But it is concern over reports of the Israeli right's intentions to tear up this status quo that has fuelled the latest round of clashes, just as they did in 2014. Back then, Jordan recalled its ambassador to Israel and threatened to review the peace treaty between the two countries, following a Knesset debate that was sponsored by the far-right parliamentarian Moshe Feiglin, on whether or not Israel should seize sovereignty of the holy site and allow Jewish worship there.
This jewel in the crown of Jerusalem's Old City, with its gold-plated Dome of the Rock dominating the skyline, contains many of the elements which perpetuate the conflict.
Although relatively few Israelis actually visit the Temple Mount and have traditionally been content with the status quo, Zionists and Jewish extremists in recent years have managed to frame the issue as one of religious freedom. Even the lunatic fringe - such as Yehuda Glick, who, along with his followers, fantasises about constructing the Third Temple - is pursuing the path of civil liberties.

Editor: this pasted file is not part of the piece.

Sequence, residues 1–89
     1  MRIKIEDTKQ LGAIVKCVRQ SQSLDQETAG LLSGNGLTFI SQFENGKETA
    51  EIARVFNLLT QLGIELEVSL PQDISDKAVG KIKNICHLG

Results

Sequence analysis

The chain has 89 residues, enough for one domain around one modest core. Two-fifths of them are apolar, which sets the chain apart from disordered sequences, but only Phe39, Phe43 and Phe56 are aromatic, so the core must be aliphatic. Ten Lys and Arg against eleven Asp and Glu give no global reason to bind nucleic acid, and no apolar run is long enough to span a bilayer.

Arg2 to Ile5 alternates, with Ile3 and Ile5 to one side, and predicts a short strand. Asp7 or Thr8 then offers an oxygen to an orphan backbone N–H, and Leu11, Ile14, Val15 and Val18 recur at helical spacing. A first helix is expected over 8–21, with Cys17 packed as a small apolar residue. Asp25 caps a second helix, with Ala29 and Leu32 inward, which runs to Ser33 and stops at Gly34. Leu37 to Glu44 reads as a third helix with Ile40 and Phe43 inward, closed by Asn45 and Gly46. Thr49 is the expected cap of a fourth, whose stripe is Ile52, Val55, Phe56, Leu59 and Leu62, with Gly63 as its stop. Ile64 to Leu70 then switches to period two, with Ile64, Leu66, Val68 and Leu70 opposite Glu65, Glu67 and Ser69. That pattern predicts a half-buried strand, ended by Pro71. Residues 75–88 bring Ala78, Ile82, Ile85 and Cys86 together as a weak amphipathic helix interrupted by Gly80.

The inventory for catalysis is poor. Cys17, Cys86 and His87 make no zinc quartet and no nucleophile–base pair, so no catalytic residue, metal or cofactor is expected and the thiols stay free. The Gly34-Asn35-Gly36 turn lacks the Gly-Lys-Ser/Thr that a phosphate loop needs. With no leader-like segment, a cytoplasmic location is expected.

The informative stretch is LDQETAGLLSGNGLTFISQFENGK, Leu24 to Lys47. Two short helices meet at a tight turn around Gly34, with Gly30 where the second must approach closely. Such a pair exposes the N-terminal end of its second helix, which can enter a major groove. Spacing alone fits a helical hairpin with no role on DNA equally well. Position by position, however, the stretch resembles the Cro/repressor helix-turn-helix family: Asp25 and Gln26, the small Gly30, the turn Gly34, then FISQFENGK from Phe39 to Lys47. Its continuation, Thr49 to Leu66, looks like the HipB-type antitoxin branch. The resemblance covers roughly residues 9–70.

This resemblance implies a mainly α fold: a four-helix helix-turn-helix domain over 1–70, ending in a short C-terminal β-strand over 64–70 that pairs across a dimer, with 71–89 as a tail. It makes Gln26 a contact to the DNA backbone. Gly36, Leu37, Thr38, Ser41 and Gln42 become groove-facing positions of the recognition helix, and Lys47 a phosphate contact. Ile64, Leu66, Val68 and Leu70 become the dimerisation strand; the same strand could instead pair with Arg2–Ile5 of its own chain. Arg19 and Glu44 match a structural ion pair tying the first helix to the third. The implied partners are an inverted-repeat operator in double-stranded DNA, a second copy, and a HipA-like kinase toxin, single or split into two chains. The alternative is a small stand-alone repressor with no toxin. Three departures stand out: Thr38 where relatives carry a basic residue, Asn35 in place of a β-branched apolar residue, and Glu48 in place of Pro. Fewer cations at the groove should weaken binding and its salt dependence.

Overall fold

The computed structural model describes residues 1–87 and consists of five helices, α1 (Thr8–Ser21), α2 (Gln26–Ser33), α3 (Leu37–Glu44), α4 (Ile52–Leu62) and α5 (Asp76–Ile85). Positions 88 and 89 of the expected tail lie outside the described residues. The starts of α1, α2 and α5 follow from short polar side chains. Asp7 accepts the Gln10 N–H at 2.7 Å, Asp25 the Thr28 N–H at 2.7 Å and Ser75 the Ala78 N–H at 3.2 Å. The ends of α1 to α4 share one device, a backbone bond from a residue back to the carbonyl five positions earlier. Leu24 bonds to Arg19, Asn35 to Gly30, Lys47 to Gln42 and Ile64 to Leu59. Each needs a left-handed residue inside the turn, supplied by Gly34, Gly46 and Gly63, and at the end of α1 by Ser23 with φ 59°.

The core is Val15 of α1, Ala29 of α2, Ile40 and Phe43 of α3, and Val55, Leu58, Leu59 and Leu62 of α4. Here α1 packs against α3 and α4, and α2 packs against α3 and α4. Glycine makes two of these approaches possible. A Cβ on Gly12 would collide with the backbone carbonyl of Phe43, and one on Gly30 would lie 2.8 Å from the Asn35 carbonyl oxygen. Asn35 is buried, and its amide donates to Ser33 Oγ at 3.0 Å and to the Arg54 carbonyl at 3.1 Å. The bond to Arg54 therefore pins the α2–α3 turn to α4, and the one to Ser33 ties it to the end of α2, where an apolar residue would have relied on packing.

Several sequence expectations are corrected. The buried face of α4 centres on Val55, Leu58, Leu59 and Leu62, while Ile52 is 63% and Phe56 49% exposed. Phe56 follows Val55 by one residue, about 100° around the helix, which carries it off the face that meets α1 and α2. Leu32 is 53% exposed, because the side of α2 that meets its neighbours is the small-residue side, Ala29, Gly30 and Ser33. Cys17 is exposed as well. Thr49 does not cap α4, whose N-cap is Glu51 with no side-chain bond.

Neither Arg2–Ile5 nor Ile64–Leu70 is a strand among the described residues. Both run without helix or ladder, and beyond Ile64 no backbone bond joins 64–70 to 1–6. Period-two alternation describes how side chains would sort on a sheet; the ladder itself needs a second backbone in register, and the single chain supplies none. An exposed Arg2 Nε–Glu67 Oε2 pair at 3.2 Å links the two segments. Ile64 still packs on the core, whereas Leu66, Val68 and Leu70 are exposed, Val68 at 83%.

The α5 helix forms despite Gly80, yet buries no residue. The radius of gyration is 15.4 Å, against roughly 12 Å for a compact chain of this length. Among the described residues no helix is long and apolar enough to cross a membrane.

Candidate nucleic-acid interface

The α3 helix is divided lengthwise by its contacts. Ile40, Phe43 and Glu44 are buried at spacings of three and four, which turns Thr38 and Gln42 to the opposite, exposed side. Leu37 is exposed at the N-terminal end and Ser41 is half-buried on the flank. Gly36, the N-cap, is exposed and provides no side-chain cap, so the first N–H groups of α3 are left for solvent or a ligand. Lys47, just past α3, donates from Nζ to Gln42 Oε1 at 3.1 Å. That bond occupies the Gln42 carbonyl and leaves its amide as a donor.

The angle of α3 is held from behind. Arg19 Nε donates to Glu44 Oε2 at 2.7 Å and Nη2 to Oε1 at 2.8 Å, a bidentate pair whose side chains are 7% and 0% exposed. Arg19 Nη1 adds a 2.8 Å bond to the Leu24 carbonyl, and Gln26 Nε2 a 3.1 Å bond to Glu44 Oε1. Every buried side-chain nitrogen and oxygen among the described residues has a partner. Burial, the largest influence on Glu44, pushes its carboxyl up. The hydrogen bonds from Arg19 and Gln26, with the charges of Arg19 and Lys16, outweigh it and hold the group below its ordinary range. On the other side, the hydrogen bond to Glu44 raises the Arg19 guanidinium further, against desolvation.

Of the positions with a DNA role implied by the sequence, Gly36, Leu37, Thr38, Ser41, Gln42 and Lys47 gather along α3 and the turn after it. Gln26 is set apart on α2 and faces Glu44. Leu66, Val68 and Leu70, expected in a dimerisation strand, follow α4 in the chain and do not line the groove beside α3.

"We're here to protest against the apartheid on the Temple Mount," Glick said at a demonstration last Ramadan.
But what the religious freedom argument overlooks is that this issue is about far more than the right to worship, particularly in a situation where Israel regularly restricts Palestinian entry to Al-Aqsa. You could also say that the Noble Sanctuary/Temple Mount is simply a spiritual microcosm of the Israeli-Palestinian conflict at large.
This jewel in the crown of Jerusalem's Old City, with its gold-plated Dome of the Rock dominating the skyline, contains many of the elements that perpetuate the conflict and are writ spiritual: The site is symptomatic of control of, and sovereignty over, the land, asymmetrical power, national identity, movement restrictions, draconian laws; the relationship between Israelis and Palestinians, not to mention the status of Jerusalem.